017 | Back to the basics
What does it mean to be a human and a beginner in a world of chaos?
Let’s go back to the basics
It’s early in the morning. The first alarm rings. Followed by the second alarm. Then followed by the third alarm. I drink water, look at the time, plug in my computer, hit the Commit to Sit bookmark, and get ready for morning meditation with my Sangha (Zen community). The first couple of minutes my eyes flutter saying sleep.
There is solace in being awake to completely nothing — facing the morning and confronting nothing but the holy shadow that dances on the wall.
A one-hour gap between meditation and work.
Lately, I spend this time reminding myself what it means to be human.
I ask myself:
What does Christian like to do?
And then the day begins. The computer roars with the first message of the day. It’s time for work.
What I asked myself slowly fades away.
How to feed two birds with one scone?
Throughout the day, my phone rings.
Ring ring ring
It’s a childhood friend calling in from prison. We share a few laughs and reminisce on times gone by.
Ring ring ring
It is a loved one sobbing.
Texts come my way
Friends plagued with anxiety.
Before I know it, I’m swimming in a sea of emotions trying to find a balance between two realities: the reality of suffering and the reality of corporate impact. However, it’s in this space between this and that, that we realize that there’s no this and that. Just this. Only this.
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To be a beginner is to be reminded of the basics — the fundamental truths to being human. The geometry of humanity and the color theory to the web of our existence. To be a beginner is to be open to life, both the turbulence and the stillness. To be a beginner is to make sense of what’s happening in the eye of the storm but it also means to be aware of simply what is. To be a beginner is to be present to both ecstasy and pain. To be a beginner is to know not-knowing.
I saw a Linkedin post the other day — the best one I’ve seen in a while.
A big shout out to all the students who don’t win awards, make honor roll, play sports, and barely make it through the school year.
Shout out to the kids who don’t get invited to the prom, didn’t get a scholarship to college, and have to go straight to work out of high school....You are also worthy of a pat on the back and a Facebook post with people talking about how amazing you are.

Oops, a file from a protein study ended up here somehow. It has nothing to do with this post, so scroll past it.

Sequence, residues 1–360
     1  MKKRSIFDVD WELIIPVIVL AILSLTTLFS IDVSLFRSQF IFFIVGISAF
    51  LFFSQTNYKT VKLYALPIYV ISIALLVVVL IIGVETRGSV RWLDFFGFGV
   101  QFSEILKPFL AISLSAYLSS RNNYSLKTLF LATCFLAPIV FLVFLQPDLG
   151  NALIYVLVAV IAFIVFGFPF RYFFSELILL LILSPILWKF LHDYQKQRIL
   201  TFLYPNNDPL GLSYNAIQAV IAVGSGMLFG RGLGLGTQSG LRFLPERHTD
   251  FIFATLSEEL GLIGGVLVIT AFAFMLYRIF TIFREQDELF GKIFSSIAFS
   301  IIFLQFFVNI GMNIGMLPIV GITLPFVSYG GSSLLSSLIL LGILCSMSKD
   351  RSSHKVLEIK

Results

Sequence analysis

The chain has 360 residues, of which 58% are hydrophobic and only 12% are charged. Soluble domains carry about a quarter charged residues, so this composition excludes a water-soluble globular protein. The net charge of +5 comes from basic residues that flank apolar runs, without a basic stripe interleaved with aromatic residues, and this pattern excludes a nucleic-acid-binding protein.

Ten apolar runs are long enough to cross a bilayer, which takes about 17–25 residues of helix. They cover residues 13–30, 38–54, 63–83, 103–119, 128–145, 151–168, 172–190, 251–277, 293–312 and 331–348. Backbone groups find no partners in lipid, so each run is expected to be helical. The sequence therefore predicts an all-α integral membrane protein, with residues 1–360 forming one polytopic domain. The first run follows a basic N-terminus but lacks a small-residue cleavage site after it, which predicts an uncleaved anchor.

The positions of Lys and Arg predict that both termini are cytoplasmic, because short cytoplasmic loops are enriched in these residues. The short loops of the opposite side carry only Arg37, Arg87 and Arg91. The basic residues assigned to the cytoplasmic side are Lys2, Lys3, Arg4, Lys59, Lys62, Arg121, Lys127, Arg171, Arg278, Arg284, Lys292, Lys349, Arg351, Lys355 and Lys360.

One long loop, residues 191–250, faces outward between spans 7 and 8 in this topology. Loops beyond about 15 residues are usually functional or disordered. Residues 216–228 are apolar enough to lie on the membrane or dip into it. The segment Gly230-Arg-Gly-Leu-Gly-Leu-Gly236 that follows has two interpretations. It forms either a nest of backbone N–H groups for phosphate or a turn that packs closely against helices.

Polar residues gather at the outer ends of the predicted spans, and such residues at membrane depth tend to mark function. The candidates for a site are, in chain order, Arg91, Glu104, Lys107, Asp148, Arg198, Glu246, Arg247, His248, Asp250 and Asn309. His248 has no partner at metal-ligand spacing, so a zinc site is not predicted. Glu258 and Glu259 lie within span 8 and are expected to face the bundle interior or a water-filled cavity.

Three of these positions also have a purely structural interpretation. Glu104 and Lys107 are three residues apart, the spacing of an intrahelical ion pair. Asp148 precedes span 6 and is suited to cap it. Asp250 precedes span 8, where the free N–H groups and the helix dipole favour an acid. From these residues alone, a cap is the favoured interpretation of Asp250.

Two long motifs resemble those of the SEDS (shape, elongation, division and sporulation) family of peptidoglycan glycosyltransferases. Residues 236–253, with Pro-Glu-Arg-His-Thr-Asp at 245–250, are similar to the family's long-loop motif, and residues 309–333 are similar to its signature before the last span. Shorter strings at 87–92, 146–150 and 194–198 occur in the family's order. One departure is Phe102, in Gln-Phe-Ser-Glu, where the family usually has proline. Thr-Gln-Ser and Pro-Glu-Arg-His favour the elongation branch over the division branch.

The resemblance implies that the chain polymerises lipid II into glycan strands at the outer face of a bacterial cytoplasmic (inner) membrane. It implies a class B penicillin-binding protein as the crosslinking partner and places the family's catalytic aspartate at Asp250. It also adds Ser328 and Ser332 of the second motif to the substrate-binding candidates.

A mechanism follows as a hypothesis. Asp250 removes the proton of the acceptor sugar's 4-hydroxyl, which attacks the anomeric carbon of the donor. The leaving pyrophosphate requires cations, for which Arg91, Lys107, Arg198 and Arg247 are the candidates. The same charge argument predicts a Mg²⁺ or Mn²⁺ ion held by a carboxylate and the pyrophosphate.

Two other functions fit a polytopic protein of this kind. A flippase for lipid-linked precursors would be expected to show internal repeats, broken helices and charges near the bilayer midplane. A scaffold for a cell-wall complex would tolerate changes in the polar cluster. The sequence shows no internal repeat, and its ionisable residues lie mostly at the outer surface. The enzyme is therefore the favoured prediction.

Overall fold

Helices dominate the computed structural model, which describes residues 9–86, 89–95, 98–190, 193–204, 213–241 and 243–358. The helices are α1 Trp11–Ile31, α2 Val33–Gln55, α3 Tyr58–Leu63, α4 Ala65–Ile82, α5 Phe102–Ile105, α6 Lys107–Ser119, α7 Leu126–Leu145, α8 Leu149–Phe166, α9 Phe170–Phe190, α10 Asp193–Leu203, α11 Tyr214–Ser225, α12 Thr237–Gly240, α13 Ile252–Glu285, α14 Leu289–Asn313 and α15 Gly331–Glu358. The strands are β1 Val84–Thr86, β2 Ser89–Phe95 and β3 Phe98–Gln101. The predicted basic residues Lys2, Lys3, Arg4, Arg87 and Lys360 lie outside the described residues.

Everyone isn't an Honors student or an Academic Scholar. Some students have to work twice as hard, just to be Average. There's many who battle through behavior and learning challenges. Their achievements deserve recognition too.
As I move up the career ladder, I find myself at the crossroads of a new world — a world of privilege and status. An elite career that views the disenfranchised and marginalized as other. And at least from my point of view, the higher you climb, the more you become disembodied from reality.
The LinkedIn post reminds us to recognize the full picture rather than a slice of what is convenient and easy to look at. One of the reasons why the LinkedIn post resonated with me is because I was that student who didn’t win any awards, failed classes, and dropped out of high school. My childhood friends were raised by single mothers, we were troublemakers, some are incarcerated, and some have since passed away. Out of all my friends, only I went to college.
I can only imagine what a difference it would have made to have an adult at that young age, recognize us and give us a pat on the back, simply for getting by. Instead we were disregarded by school and the community because we wore black and didn’t fit in.